British author Salman Rushdie to speak in India 2 months after death threats

British-Indian novelist Salman Rushdie is due to speak at a conference in New Delhi on Friday, just two months after he was forced to pull out of a literature festival in India following death threats, organizers announced.

The Booker Prize-winning author will travel to the capital to deliver an hour-long session named, "The Liberty Verses -- I am What I am and That's All That I am," at the India Today Conclave, according to the event's website.

Rushdie, who is reviled among many hard-line Muslim groups for his 1988 novel "The Satanic Verses," which they consider blasphemous, was due to attend a literary festival in the northern city of Jaipur in January but pulled out after the death threats.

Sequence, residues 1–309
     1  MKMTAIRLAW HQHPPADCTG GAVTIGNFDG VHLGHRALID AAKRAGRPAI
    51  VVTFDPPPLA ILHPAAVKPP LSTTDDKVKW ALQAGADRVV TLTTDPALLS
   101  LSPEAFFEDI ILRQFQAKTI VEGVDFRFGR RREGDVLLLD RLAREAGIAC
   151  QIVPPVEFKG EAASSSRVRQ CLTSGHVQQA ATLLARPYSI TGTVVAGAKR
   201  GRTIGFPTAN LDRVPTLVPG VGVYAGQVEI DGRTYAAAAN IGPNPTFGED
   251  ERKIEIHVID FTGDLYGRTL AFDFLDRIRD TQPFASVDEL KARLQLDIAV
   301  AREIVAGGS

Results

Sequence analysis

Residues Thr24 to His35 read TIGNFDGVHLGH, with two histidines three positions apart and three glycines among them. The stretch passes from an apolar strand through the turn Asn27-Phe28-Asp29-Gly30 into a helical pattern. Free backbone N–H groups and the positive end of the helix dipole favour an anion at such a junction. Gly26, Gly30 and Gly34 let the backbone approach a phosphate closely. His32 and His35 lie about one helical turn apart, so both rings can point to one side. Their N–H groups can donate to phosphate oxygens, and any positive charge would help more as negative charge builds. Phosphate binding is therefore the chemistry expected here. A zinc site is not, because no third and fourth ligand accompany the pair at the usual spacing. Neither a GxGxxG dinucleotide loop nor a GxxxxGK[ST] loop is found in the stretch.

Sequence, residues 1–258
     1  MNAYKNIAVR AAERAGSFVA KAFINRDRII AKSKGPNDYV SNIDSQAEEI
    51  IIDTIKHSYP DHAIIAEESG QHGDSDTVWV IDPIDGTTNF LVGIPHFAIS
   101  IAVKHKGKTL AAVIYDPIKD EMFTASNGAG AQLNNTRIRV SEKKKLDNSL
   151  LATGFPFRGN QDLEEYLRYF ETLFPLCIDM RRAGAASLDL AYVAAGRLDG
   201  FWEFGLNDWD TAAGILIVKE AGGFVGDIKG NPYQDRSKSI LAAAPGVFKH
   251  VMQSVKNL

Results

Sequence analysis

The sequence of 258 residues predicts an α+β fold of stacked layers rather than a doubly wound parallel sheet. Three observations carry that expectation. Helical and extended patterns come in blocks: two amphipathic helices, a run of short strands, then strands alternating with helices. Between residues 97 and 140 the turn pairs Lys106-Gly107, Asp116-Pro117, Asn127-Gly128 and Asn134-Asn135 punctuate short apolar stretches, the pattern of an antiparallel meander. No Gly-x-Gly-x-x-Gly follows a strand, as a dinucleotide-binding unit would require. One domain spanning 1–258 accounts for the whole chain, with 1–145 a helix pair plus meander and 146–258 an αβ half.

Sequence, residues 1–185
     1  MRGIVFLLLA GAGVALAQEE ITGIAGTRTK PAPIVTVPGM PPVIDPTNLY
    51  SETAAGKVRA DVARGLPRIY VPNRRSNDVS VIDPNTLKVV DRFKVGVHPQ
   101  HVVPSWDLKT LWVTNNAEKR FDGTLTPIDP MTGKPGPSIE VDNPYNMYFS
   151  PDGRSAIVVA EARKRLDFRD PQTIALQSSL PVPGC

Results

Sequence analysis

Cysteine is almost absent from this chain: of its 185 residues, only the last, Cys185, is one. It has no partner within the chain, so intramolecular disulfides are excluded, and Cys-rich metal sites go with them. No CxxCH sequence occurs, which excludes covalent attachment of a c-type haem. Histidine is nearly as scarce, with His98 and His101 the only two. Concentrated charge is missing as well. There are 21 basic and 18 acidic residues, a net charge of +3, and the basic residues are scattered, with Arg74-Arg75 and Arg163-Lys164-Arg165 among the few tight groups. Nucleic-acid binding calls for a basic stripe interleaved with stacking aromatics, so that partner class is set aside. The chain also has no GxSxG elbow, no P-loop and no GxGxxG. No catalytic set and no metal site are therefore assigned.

Intelligence reports from security services in Mumbai, India's west-coast economic hub, and Rajasthan, the region where Jaipur is located, revealed a possible plot on the 64-year-old writer's life involving multiple assassins.

He was then denied permission to address the festival via video link, after police said Muslims groups planned to stage protests if the video conference went ahead.

The controversial author, who was born in Mumbai, later lashed out at police in India, claiming they invented an assassination plot in order to keep him from appearing at the event.

"I've investigated, & believe that I was indeed lied to. I am outraged and very angry," he tweeted at the time.

Rushdie spent a decade in hiding after Iranian spiritual leader Ayatollah Khomeini issued a fatwa in 1989 calling for his death over the novel, which is still banned in India.